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Australian Associations Targeted with Copyright Breaches
Last year we featured a webinar regarding issues concerning copyright and the risk to associations.
This week we received calls from Associations that have been targeted for breach of copyright of Getty Images photos on their website. Getty uses a bot to trawl through websites and when they find a photo, which they claim they have a licence for copyright, they alert Dun and Bradstreet to act as their debt collectors.
Some of our member associations have received phone calls from Dun and Bradsheet with demands and invoices for alleged breaches of photo copyright. In many cases, the photos are buried within a multitude of web pages and a normal person would have to spend some time finding the offending image.
Dun and Bradstreet call the association and try to speak to the CEO of the association or business and then proceed to alert the association that a breach of copyright has occurred and then announces that the cost of the breach has been calculated to a certain figure and the owner of the website needs to pay the amount which they have calculated.
In some cases, the photo copyright licence may be only $25.00 but the demand may be as high as $1500 or more.
Associations and other businesses are threatened with legal action if they do not pay up. Dun and Bradstreet follow up with a snap shot of the web page with the offending photo which they claim is evidence of the breach of copyright and attach an invoice for the amount they have calculated which should be paid. From our understanding "Choice" term this process of demanding money as speculative invoicing, although not illegal is frowned upon.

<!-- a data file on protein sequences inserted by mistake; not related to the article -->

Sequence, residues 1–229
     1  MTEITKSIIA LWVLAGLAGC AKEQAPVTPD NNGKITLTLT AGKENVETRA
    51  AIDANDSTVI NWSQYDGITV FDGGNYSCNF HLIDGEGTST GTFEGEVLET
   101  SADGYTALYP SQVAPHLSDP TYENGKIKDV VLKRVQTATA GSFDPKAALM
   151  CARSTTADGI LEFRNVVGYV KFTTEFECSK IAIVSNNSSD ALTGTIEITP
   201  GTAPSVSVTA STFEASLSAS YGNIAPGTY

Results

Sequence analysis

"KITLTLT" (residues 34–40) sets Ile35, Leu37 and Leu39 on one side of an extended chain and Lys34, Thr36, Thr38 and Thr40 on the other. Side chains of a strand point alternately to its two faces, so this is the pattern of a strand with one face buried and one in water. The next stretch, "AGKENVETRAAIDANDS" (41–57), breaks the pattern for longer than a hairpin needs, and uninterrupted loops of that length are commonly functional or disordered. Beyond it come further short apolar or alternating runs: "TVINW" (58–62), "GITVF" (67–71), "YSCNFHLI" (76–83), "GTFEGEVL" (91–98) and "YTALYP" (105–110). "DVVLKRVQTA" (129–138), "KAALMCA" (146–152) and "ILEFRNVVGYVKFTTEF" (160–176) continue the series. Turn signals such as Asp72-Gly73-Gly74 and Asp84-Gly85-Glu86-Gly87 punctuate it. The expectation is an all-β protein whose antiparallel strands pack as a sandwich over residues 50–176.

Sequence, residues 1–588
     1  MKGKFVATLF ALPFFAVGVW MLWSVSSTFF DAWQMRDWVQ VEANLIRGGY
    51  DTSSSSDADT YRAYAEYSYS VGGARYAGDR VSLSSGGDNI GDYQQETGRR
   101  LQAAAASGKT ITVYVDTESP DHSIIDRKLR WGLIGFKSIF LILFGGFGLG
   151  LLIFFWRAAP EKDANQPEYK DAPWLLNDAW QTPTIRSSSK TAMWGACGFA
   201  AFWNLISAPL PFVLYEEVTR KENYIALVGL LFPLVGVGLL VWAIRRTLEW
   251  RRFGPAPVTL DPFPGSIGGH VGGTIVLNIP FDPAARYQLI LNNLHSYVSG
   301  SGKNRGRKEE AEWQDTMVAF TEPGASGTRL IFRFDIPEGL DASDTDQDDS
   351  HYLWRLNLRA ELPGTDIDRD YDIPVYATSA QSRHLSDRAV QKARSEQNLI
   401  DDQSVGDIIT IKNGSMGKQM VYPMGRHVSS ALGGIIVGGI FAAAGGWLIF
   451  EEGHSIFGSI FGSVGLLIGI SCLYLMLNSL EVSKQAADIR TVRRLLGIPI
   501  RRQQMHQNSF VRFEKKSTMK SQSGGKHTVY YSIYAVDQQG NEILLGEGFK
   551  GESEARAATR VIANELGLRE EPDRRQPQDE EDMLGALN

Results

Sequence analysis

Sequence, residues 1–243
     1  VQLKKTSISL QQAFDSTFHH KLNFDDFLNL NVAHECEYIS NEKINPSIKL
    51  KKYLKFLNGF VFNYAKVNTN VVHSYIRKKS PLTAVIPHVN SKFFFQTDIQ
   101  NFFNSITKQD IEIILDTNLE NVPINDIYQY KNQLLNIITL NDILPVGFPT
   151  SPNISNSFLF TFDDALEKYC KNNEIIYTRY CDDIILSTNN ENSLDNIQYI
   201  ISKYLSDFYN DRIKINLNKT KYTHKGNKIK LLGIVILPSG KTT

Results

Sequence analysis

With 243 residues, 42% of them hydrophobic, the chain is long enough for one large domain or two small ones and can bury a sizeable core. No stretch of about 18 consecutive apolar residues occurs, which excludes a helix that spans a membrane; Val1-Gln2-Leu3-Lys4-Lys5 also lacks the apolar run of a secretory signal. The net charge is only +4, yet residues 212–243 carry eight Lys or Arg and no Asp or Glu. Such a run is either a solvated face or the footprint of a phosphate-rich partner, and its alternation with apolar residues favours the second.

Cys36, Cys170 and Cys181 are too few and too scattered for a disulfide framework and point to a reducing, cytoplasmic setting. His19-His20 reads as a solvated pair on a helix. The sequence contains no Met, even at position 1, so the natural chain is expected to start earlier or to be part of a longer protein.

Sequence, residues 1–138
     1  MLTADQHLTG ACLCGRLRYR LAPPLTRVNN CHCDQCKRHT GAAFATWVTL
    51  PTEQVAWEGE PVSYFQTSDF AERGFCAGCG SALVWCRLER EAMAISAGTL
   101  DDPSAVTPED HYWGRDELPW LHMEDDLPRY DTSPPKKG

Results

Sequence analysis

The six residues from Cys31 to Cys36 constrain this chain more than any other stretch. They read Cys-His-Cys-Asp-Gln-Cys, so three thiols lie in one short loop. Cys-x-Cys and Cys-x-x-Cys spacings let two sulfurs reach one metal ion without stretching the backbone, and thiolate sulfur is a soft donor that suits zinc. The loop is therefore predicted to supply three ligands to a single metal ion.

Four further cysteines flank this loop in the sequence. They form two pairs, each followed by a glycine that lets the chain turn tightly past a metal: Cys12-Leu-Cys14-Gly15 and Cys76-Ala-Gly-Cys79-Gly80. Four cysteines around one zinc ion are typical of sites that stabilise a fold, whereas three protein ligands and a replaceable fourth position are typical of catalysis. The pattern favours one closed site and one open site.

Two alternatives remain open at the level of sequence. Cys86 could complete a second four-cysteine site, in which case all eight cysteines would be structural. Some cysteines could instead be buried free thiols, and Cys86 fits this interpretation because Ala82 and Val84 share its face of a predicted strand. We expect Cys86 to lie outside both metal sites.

If your association or a member business receives notification from Dun and Bradstreet in regards to a breach of photo copyright from Getty Images then we suggest you request Dun and Bradstreet to provide evidence of the ownership of copyright before you progress any further. You should remove the particular photo from your website immediately until such times evidence of the owner of the copyright is provided. We also advise you seek legal advice in regards to your position and legal requirement.
Associations and all business are at risk of breaches of copyright and in many cases these breaches are unintentional. Although we believe owners of copyright should be compensated for their work, businesses and in particular, not for profit organisations are vulnerable as many do not have the proper procedures in place to ensure to they comply with all the copyright laws.
We recognise copyright is a very complex issue and can be a mine field. Associations need to manage risk at all levels and copyright infringement unintentional or not exposes the association and members to potential litigation. AES is working with the copyright agency to develop a series of awareness sessions and offering to members which will provide overall protection.
This blog is for information only and our own personal opinion. We do not provide legal or financial advice and for those professional services contact our legal and financial partners.